Asking house prices in Tipperary continued to show signs of stabilisation in the fourth quarter of the year, with the latest survey from property website MyHome.ie showing that the median price for a four-bedroom semi-detached home in the county remained unchanged at €149K.
There was a 1.2% decline in the asking price of a 3-bed semi-detached home in Tipperary during the last quarter, with prices now standing at €123K.
The decline means prices are at the same level as they were at at the start of the year in Q1 2013.
Nationally the mix adjusted asking price continued to show moderation in the rate of decline, down 0.9% in Q4. This is the lowest rate of decline in the past six years. The mix adjusted asking price nationally now stands at €189K, down 5.6% on a year ago.
The annual mix adjusted asking price in Dublin rose by 2.4% last year, the largest annual increase in seven years. The average asking price in Q4 rose by 0.6% to €241K.
Angela Keegan, Managing Director of MyHome.ie said 2013 was a positive one overall for the property sector after six very challenging years and prices look set to rise further in certain urban regions
“People are looking ahead to 2014 with renewed confidence. It’s very heartening to see the median price of 4 bed semis rising or remaining stable in most of Leinster and Munster. We believe prices will continue to rise in key areas of Dublin, Cork and Galway in the coming year. In large part this will be driven by the weak supply situation.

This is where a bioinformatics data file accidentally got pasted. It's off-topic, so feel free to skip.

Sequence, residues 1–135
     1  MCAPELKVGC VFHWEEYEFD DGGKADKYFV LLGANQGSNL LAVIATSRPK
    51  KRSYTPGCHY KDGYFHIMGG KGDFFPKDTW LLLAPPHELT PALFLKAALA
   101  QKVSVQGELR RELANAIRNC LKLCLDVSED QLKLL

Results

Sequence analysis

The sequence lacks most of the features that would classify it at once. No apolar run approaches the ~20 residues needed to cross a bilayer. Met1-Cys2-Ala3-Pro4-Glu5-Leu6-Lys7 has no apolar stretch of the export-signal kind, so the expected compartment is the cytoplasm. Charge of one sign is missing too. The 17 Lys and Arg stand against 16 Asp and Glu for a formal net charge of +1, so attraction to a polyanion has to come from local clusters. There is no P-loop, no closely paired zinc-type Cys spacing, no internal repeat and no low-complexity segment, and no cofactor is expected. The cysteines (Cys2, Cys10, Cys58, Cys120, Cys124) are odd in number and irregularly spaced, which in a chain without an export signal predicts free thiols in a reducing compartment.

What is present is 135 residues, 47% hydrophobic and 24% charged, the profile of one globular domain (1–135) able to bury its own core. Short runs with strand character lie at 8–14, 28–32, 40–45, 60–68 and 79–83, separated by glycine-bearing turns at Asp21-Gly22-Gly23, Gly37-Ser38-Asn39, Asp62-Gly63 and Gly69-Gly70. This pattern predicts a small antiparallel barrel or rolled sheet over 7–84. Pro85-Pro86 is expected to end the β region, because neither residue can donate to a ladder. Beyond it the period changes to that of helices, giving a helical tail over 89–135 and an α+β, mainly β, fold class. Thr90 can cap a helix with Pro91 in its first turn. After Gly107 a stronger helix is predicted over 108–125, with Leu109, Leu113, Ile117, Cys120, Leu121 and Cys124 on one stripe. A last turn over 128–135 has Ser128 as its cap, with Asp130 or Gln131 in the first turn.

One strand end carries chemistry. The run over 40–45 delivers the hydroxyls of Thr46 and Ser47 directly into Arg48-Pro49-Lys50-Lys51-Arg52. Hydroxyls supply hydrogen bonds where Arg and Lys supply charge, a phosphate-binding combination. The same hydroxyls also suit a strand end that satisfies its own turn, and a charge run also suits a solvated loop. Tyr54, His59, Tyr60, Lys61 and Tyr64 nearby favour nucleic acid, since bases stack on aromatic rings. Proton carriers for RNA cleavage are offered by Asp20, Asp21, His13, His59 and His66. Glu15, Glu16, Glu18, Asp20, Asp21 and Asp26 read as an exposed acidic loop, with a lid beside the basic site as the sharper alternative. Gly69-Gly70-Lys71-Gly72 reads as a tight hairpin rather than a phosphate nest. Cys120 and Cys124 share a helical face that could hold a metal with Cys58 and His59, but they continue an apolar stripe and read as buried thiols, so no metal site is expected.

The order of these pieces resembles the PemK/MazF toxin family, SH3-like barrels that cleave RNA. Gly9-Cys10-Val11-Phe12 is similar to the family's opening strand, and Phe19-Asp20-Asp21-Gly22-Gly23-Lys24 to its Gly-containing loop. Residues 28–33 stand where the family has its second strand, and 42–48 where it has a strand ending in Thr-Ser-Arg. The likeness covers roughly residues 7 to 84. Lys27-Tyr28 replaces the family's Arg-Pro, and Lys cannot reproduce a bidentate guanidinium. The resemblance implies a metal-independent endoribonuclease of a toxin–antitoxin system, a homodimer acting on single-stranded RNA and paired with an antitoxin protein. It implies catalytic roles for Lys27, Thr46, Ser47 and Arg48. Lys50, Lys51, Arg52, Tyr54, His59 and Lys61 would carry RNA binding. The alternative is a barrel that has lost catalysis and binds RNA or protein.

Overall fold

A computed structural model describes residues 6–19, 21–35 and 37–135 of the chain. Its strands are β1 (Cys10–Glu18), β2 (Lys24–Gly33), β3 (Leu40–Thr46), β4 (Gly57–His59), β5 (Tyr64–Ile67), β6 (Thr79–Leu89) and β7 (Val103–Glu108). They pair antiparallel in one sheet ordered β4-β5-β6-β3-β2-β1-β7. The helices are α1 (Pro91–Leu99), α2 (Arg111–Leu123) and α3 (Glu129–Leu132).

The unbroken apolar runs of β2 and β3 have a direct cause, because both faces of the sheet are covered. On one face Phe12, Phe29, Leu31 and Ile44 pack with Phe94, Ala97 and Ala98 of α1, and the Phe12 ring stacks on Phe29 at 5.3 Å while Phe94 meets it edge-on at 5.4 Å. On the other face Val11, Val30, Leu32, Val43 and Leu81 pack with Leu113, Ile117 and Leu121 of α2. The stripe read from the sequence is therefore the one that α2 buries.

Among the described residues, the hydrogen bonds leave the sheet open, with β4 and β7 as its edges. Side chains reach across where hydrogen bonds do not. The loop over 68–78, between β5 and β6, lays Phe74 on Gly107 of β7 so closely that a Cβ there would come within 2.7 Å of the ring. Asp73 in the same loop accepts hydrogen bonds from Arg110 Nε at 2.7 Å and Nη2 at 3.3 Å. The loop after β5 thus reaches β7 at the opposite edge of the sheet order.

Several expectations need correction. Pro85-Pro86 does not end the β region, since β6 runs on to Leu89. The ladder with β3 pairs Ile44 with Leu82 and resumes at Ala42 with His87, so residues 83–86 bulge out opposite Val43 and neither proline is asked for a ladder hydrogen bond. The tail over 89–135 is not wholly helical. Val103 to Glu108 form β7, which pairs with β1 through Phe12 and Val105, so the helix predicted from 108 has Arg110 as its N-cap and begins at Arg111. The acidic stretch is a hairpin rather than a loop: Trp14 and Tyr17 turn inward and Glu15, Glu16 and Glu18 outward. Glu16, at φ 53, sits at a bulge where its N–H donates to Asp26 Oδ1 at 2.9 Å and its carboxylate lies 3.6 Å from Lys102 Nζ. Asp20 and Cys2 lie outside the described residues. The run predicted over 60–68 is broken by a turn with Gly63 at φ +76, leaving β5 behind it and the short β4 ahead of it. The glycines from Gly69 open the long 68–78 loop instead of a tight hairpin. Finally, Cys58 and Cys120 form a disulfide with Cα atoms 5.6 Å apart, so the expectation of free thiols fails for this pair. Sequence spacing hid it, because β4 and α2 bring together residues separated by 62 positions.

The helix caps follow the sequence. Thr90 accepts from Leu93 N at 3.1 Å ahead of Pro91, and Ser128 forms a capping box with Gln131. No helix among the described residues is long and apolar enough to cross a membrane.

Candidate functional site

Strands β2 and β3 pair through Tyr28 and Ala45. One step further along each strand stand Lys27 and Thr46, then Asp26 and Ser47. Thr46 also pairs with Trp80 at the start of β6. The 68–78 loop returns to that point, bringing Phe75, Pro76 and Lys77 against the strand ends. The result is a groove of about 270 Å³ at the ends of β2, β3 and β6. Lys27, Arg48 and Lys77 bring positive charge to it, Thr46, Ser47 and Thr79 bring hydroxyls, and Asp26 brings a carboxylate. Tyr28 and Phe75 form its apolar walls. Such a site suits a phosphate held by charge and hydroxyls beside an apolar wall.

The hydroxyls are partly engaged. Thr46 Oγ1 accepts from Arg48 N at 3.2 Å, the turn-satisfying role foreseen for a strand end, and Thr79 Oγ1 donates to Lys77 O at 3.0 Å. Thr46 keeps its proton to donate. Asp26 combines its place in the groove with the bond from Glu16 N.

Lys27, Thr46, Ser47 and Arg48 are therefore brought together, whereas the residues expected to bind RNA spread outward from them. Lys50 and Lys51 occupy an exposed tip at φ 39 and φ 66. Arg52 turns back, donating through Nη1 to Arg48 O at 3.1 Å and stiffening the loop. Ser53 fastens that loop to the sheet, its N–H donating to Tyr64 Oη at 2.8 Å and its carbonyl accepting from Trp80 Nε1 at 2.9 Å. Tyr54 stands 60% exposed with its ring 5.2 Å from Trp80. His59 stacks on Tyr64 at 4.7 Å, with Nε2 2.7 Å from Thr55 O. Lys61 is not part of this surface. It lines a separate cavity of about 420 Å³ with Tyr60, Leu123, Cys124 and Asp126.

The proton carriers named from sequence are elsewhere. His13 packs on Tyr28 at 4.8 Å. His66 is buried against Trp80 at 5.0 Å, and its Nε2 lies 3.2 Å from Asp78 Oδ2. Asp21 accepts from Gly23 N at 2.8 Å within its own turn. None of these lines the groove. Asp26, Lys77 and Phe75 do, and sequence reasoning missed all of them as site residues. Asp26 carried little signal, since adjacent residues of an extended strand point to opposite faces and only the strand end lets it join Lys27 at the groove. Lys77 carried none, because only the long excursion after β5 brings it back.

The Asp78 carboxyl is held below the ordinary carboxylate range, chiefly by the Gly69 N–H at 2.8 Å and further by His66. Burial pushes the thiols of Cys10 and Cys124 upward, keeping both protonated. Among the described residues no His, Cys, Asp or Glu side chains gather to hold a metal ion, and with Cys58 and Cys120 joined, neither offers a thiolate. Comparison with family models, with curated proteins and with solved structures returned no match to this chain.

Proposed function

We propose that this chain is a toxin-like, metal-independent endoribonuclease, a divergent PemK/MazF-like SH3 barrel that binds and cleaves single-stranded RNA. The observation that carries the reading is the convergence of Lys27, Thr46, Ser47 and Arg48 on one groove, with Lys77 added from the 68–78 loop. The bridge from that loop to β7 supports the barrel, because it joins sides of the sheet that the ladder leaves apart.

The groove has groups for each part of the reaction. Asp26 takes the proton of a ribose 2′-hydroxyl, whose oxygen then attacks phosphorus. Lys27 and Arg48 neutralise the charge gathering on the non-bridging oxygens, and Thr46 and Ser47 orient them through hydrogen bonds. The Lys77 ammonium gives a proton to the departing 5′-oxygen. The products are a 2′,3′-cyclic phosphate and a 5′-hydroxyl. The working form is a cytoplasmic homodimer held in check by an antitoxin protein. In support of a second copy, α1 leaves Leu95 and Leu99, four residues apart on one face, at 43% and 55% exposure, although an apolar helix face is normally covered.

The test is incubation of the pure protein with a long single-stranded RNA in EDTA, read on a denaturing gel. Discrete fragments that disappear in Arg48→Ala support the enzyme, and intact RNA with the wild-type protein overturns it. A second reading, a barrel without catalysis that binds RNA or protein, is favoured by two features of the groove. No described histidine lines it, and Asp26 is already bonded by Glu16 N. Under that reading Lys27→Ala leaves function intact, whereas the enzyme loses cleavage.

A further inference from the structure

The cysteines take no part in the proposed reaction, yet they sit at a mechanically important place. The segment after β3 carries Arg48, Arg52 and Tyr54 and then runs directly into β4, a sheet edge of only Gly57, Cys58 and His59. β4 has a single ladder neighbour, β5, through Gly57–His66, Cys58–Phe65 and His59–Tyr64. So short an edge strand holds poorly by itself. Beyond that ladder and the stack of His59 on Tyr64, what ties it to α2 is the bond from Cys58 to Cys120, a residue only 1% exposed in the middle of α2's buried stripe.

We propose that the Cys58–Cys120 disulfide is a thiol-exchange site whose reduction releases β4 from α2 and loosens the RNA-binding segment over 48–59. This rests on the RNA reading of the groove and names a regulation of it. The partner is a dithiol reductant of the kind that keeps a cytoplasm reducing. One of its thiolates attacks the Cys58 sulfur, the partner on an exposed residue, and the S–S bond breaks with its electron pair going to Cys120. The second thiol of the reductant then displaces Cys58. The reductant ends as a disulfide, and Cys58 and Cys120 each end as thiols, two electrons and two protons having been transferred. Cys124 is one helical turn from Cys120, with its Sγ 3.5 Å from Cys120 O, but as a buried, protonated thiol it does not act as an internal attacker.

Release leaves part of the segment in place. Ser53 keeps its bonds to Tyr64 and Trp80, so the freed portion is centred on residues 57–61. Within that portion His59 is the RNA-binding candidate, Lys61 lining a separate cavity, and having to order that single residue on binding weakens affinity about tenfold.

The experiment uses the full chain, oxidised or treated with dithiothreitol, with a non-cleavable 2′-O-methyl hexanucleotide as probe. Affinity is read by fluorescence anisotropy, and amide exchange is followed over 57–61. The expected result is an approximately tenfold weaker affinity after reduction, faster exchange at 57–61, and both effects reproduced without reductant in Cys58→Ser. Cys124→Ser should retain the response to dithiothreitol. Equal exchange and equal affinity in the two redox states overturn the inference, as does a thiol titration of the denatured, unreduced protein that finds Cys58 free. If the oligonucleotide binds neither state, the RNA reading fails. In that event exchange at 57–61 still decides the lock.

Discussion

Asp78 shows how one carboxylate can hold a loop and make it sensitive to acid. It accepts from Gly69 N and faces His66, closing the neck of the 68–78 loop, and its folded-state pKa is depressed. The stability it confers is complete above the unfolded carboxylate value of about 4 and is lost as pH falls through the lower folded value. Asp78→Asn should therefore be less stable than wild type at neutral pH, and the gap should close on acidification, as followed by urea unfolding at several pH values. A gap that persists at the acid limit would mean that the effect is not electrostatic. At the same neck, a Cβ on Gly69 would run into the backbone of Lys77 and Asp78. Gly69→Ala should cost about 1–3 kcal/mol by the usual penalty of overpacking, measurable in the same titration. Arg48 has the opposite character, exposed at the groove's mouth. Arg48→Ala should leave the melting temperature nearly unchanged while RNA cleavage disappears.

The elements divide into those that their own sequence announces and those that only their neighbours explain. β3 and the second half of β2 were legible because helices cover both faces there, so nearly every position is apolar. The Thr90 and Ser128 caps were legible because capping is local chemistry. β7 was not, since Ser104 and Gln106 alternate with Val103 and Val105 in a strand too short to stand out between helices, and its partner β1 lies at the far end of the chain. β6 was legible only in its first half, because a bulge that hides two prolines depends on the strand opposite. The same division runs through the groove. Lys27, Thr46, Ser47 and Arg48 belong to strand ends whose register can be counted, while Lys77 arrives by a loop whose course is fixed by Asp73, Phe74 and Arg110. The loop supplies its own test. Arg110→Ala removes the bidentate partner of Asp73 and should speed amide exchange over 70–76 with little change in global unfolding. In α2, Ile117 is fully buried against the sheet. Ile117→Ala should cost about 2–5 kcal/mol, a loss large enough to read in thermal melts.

The current price increases we are seeing in Dublin are unsustainable over the medium term and we don’t want to see the same pattern emerge in Cork and Galway. The banks also need to address the mortgage arrears issue and free up properties so people can get on the property ladder” Ms Keegan said.
The author of the report Caroline Kelleher from DKM Economic Consultants says the Dublin property market turned a corner in 2013, with prices first stabilising and then rising from Q2 2013 onwards. But she warned that prices around the country have yet to bottom out.
“The market turned in Q2 when the year on year change in mix adjusted asking prices in Dublin entered positive territory for the first time in 6 years. While the rate of decline in prices nationally continued to moderate throughout 2013, price increases in the capital, due in large part to a shortage of supply, has meant the divergence between Dublin and the rest of the country is growing and looks set to widen further in 2014.
There is now a 28% price differential between mix adjusted asking prices nationally and in Dublin compared to a 17% difference a year ago” Ms Kelleher said.
The average time to sale agreed is 3 months in Dublin, 5 months in Galway, 6 months in Cork, 7 months in Waterford and 10 months in Limerick.